St Cadoc’s Church has a ring of 8 bells. They were cast in Croydon in 1884/1885 as an exhibition ring. They were later bought by a Mr Pegler of Pontypool and presented to St Cadoc’s Church.
The bells are hung for full-circle ringing (for more information on this click here) and are rung prior to the 11.00 am Eucharist on Sundays, before and after weddings and also to mark other special occasions by arrangement. Some learners are currently in training, usually on Thursday late afternoons and we are always keen to welcome an extra pair of hands to help us call the faithful to worship – all we ask in return for your free tuition is that you ring on Sundays.
For more information contact the Tower Training Officer Nick Jones (Nick.firstname.lastname@example.org).
One word of warning, ringing is an enthralling hobby which leads to fun, fellowship with people all over the world, gentle mental and physical exercise and, most importantly a chance to remind the public that the church is alive and worshipping in this place – It can be highly addictive ;-)!
To date, 20 full peals have been rung on the bells – when us ringers talk about “peals” we mean a particular performance, containing over 5000 “changes” or strokes of each bell each one of which has to accurately struck in the correct order – this usually takes roughly 3 hours to complete. For a ringer completing their first peal is seen as something of a “Rite of Passage,” though don’t be put off, they are by no means a compulsory part of ringing. More common are “quarter peals” which as the name suggests, contain over 1250 changes and take about 45 minutes to complete.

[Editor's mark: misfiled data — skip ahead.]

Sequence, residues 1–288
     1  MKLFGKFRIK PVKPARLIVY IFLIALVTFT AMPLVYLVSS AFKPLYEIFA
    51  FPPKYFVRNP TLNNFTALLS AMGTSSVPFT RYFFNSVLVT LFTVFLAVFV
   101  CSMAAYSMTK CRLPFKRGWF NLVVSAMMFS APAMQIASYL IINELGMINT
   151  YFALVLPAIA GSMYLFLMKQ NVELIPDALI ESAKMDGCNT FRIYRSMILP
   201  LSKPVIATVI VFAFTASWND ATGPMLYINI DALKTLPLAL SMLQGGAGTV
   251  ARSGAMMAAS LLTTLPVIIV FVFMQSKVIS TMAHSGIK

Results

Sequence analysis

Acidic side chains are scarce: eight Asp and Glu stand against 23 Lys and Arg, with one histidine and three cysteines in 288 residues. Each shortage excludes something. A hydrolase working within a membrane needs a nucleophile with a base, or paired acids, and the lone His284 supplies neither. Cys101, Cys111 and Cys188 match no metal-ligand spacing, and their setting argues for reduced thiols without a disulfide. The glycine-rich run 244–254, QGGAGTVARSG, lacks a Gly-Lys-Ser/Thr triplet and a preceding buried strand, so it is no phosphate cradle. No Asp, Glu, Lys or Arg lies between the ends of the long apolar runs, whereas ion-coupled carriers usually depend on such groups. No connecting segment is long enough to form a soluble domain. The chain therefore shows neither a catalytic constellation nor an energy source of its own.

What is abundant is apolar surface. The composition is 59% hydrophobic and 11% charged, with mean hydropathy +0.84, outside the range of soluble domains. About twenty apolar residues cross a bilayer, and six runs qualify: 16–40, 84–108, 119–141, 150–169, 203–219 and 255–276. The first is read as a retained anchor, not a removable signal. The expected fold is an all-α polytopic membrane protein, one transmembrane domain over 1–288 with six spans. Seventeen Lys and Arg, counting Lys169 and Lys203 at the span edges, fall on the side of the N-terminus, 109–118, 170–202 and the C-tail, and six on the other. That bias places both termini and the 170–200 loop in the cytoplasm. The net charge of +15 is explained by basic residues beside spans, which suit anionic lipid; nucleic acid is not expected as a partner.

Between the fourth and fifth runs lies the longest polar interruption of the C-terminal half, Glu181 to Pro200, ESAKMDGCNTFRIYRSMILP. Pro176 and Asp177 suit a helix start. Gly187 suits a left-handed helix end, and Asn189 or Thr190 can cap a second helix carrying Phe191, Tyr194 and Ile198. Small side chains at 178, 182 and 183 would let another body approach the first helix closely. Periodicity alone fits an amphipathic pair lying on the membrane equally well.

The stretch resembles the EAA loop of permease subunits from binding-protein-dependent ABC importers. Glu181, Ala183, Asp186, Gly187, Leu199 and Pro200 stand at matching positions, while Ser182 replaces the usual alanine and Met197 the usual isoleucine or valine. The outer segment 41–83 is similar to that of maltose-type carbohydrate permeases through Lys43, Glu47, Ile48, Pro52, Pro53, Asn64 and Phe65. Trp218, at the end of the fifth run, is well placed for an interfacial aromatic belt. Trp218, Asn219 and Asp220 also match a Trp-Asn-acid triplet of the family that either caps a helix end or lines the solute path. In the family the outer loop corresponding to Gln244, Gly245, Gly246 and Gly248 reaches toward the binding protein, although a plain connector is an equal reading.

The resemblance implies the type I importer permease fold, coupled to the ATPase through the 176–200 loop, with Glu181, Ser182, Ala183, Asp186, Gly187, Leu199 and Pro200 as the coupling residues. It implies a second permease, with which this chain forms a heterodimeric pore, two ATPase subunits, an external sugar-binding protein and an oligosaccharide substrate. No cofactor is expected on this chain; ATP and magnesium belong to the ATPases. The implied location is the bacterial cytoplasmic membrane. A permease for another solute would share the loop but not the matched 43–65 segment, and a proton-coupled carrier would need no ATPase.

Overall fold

One particular ringer named Walter G Chance completed his first peal at St Cadoc’s Trevethin on 4th October 1913. This is recorded on a peal board in the tower. This peal is made note-worthy by Walter being killed in the Great War, on 12th April 1918. The peal board reads “Walter Chance has since made the ultimate sacrifice, being killed in the Great European War.”